- Recognize, name and disengage from The Voice. If you feel small, collapsed or powerless, it is usually a sign that The Voice is present. The Voice says things like "You will never be good enough"; "You will never change": "You deserve to suffer"; "You are a failure/a bad person/unlovable/stupid/worthless/fat/ugly." Any feelings of shame are a response to The Voice.
To continue with the inquiry, you must disengage from The Voice, since its intent is to keep you circumscribed by its definition of safe and to maintain the status quo.
If recognizing its presence does not dispel it, you can say, "Back off!" or "Go away!" or "Go pick on someone your own size." Keep it short. Keep it simple. A successful disengagement defuses The Voice and releases the sensations.
- Whenever you notice that you are engaged in a reaction or are distracted, confused, numb or out of touch, go back to sensing your body.
- Pay attention to secrets, thoughts or feelings you've censored. When those arise, be curious about them. Be curious about what's hidden in them.
- Don't try to direct the inquiry with your mind. If you have an agenda or preferences (i.e., you don't want to feel needy or angry or hateful), the inquiry won't unfold. As the Tibetan Buddhists say, "Be like a child, astonished at everything."
Remember: Inquiry is a practice. It's not something you "get" the first or tenth time around. You don't do inquiry to get something; you do it because you want to find out who you are when you are not conditioned by your past or your ideas of what a good person is supposed to be. Each time you do it, you learn more. Each time you learn more, you continue the process of dismantling the stale, repetitive version of your (ego) self. With each inquiry, you have the chance to discover that you are not who you think you are. What a relief.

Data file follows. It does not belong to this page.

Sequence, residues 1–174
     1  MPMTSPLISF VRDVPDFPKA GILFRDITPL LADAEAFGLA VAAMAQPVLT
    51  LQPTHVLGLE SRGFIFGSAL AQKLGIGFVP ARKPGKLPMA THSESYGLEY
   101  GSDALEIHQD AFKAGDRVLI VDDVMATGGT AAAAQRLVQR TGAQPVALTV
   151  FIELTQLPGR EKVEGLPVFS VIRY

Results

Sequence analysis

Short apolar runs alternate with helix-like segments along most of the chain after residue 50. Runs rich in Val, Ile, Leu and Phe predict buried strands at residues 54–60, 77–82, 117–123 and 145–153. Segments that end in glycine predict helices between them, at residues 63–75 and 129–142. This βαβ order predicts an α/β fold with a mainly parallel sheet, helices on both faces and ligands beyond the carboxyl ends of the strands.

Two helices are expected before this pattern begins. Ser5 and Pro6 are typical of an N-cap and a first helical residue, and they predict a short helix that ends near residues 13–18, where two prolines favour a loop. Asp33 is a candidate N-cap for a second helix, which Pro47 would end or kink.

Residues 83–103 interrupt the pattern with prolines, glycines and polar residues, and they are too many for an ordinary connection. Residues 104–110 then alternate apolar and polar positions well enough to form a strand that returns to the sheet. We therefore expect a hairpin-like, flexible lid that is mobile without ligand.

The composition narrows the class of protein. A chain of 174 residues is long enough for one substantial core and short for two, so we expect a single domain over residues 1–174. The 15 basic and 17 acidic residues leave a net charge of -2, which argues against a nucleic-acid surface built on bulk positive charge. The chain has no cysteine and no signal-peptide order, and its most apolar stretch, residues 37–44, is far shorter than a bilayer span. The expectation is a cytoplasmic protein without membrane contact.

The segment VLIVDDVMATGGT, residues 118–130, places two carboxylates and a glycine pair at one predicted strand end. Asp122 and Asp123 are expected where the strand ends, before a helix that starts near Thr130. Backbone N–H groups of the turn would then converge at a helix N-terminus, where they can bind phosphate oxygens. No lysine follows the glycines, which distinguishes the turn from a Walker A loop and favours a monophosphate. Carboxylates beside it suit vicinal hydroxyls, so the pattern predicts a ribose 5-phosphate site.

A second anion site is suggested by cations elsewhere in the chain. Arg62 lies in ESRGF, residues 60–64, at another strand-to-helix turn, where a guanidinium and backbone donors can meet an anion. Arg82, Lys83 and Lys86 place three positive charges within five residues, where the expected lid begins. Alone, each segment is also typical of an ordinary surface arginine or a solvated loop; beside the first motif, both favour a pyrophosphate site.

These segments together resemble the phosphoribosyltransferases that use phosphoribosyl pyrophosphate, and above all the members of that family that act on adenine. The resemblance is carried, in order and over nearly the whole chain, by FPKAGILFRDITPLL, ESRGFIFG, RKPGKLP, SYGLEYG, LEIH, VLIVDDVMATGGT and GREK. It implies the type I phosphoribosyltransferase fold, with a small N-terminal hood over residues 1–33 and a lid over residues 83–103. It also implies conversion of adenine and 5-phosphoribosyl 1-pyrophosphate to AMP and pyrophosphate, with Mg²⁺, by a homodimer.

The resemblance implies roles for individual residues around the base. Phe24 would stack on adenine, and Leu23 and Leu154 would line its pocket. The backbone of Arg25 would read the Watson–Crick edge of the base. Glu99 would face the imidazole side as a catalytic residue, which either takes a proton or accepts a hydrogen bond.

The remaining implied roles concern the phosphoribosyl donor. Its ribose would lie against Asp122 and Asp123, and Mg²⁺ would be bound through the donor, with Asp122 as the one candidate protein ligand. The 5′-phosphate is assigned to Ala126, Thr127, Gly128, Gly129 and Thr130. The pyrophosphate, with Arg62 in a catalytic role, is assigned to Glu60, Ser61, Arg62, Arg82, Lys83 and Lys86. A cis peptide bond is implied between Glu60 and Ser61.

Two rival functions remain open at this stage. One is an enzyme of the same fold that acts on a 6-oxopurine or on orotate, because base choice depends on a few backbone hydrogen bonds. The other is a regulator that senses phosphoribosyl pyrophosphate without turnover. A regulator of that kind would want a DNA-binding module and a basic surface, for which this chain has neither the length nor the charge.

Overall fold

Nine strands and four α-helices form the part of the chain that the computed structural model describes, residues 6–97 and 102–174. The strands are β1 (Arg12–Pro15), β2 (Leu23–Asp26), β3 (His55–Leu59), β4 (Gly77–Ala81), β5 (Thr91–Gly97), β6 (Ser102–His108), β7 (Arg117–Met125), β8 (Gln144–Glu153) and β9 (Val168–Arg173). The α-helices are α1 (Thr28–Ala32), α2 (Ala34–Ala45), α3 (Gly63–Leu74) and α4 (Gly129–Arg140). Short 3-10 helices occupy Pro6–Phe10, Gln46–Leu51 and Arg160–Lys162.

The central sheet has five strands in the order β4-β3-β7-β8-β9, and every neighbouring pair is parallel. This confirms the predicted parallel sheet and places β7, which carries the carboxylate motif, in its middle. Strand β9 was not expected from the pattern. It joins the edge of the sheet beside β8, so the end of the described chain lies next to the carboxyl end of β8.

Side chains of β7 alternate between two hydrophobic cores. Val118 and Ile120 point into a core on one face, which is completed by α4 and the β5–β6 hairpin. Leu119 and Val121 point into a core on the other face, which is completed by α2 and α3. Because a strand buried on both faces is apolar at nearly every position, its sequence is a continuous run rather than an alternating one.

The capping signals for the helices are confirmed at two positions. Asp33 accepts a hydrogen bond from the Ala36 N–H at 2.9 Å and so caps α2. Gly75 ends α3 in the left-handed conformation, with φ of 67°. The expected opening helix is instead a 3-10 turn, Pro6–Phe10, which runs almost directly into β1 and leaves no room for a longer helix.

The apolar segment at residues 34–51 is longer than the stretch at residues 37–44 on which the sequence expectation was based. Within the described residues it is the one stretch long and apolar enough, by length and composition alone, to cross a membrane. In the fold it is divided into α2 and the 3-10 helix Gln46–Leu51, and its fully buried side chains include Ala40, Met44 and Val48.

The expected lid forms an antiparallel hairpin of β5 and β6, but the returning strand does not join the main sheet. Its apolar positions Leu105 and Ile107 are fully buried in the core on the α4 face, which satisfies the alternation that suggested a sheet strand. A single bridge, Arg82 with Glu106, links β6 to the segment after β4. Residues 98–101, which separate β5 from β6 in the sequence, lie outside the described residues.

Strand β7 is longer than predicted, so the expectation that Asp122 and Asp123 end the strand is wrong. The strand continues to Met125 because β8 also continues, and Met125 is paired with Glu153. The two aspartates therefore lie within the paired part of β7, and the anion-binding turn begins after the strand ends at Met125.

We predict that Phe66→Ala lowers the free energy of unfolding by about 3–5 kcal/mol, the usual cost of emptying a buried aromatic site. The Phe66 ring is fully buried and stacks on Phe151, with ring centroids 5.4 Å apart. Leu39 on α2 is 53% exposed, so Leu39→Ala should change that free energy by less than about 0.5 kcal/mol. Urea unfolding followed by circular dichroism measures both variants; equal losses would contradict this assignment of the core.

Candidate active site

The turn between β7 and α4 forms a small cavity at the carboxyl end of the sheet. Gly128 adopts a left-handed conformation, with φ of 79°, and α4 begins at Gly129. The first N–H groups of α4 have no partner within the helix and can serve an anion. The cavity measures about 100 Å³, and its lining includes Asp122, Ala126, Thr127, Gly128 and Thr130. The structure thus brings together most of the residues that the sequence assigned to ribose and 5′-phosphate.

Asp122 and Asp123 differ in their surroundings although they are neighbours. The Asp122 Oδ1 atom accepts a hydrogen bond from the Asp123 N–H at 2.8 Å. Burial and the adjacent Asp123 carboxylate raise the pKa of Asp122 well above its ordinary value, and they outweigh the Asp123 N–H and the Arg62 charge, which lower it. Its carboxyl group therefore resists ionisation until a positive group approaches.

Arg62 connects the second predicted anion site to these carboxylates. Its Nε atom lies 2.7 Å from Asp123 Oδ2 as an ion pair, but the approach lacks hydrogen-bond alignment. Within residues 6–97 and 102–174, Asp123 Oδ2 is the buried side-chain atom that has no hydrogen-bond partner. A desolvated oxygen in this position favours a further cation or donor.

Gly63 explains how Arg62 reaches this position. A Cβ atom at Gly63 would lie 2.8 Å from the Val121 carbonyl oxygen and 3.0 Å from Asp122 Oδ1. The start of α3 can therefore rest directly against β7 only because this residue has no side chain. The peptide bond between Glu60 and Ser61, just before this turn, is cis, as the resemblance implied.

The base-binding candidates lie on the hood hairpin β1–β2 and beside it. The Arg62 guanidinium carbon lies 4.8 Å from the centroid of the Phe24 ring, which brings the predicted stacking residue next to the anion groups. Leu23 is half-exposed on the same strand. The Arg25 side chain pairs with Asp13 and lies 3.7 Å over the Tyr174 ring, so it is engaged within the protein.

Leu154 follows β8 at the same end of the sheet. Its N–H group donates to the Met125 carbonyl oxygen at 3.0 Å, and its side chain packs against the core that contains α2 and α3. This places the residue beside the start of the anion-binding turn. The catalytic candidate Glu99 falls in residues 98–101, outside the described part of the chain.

Have a question for Geneen about your dieting and food obsession? Ask her now!
Geneen Roth's books were among the first to link compulsive eating and perpetual dieting with deeply personal and spiritual issues that go far beyond food, weight and body image. She believes that we eat the way we live and that our relationship to food, money and love is an exact reflection of our deeply held beliefs about ourselves and the amount of joy, abundance, pain and scarcity we believe we have (or are allowed) to have in our lives.
Roth has appeared on many national television shows, including The Oprah Winfrey Show, 20/20, The NBC Nightly News, The View and Good Morning America. Articles about Roth and her work have appeared in numerous publications, including O, The Oprah Magazine, Cosmopolitan, Time, Elle, The New York Times, The Chicago Tribune, and The Philadelphia Inquirer. She has written a monthly column in Good Housekeeping magazine since 2007. Roth is the author of eight books, including the New York Times best-seller When Food Is Love and a memoir about love and loss, The Craggy Hole in My Heart. Women, Food, and God: An Unexpected Path to Almost Everything is her newest book.
For more information about the book, visit www.GeneenRoth.com
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